We passed this lovely West Virginia historical marker about Lelia Pearl Bragg, a pioneering aviator.
We got some nice views of the New River on our way to ...
... the Sandstone Falls overlook.
The restrooms were closed due to COVID-19.
Tom took a picture of Debbie taking a picture of Sandstone Falls.
So beautiful.
We spent the rest of the afternoon driving to our next destination. We passed the exit for the Greenbriar, which we had visited three years earlier.
Welcome to Virginia. Virginia is for lovers.
Virginia is a Purple Heart State.
Virginia is very scenic.
Virginia is home to the Shenandoah Battlefields National Historic District.
Virginia is on fire. We never did figure out why.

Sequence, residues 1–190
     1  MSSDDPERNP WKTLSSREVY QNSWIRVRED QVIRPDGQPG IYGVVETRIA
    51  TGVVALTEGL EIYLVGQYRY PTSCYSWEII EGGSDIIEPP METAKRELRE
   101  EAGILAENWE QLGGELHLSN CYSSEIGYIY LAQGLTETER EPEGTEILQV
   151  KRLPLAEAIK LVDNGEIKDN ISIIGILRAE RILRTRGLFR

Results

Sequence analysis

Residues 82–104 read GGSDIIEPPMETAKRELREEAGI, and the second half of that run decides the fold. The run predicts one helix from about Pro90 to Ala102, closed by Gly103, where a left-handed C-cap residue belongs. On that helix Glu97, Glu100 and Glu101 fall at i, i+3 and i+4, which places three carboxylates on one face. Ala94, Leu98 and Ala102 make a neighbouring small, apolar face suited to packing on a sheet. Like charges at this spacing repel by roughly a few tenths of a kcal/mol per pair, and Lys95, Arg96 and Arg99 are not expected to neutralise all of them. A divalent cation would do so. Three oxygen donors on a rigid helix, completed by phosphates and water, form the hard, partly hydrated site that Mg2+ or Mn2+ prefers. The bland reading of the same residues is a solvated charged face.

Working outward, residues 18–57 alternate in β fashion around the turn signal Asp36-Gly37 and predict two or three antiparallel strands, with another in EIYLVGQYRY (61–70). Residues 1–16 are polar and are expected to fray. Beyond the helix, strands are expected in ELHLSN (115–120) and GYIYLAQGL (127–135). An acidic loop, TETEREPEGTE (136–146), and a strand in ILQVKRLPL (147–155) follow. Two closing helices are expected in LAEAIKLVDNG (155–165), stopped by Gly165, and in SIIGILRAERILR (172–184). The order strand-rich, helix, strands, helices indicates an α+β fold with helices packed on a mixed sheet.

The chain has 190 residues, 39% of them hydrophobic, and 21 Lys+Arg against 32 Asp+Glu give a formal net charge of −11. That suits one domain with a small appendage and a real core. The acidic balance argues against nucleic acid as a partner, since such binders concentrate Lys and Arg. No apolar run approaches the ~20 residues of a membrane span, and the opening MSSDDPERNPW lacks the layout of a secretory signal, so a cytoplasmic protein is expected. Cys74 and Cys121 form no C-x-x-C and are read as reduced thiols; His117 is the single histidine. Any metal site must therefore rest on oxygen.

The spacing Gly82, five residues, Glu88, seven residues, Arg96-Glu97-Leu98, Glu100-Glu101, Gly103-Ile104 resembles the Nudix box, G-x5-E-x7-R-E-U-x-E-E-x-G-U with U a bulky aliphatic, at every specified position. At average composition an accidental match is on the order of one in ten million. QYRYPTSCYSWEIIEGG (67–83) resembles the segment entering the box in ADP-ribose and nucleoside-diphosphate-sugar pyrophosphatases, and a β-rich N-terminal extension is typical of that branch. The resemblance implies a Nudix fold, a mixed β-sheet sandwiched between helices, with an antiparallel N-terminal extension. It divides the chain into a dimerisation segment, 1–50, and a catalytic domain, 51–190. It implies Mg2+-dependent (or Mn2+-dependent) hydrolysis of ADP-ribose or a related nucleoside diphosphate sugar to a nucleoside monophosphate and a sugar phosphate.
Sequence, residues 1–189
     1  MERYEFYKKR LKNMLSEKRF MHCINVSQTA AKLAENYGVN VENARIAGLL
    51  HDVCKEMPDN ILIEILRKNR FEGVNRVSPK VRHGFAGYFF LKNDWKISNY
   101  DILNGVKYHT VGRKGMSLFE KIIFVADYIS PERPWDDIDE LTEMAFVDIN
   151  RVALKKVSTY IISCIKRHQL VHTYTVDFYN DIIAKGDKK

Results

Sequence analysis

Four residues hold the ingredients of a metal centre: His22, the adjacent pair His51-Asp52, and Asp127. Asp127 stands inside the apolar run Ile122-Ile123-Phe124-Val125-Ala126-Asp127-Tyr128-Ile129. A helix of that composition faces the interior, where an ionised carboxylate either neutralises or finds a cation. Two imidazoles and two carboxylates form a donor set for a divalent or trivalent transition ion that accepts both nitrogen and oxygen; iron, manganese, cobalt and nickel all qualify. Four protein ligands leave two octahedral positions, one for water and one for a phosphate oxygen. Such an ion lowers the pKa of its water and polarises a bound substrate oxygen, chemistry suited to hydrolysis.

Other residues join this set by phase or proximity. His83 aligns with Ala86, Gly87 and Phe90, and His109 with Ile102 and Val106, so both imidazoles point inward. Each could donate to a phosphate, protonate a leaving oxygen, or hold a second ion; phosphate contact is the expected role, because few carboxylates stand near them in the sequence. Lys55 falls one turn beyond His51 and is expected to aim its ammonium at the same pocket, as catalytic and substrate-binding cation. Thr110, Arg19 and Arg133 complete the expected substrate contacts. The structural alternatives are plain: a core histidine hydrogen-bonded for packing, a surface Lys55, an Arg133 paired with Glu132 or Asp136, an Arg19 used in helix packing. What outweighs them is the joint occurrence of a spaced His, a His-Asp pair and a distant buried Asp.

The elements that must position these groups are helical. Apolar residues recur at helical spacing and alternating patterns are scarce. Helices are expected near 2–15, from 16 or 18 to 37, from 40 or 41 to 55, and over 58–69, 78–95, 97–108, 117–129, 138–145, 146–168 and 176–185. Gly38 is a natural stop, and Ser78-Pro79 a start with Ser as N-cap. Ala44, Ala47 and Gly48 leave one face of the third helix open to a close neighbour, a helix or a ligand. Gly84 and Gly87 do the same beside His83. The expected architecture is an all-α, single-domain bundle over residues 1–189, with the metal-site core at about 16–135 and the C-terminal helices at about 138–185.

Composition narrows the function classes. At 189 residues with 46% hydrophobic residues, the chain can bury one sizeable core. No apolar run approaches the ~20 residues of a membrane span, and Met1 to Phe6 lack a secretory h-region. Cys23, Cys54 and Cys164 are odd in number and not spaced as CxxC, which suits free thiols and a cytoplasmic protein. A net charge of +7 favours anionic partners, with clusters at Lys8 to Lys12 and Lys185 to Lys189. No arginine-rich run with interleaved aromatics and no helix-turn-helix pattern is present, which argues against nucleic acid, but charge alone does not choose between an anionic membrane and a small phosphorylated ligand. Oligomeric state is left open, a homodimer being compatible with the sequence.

We passed the time by listening to Forensic Files podcasts.
It was 4:30 PM when we pulled into the Harrisonburg/Shenandoah Valley KOA Holiday.
We checked in ...
... and were eating dinner a half hour later. We bought a case of freeze-dried chicken and ground beef packets, so we tried the Southwest-style chicken mixed with cups of microwaveable Ride-a-Roni, plus leftover apples from this morning's breakfast.
After dinner, Tom spent some time leveling The Ocho. This was the first time we had needed it in a campsite. This is the day he first noticed that the gray water tank sensor wasn't working right, as it always registered 1/3 full even after emptying.
With a large group of people at a cookout across the road from us, we opted for after-dinner cocktails indoors.
We spotted the campground's resident chickens on the prowl.
Here's a closer look.

Ahhh, sunset! We finished off our evening with a viewing of Gene Kelly and Frank Sinatra in "Anchor's Aweigh."

Day 3 >


Pennsylvania and Virginias 2021: [Day 1 - West Virginia] [Day 2 - Virginia] [Day 3 - Pennsylvania] [Day 4 - Ohio] [Day 5 - Heading Home]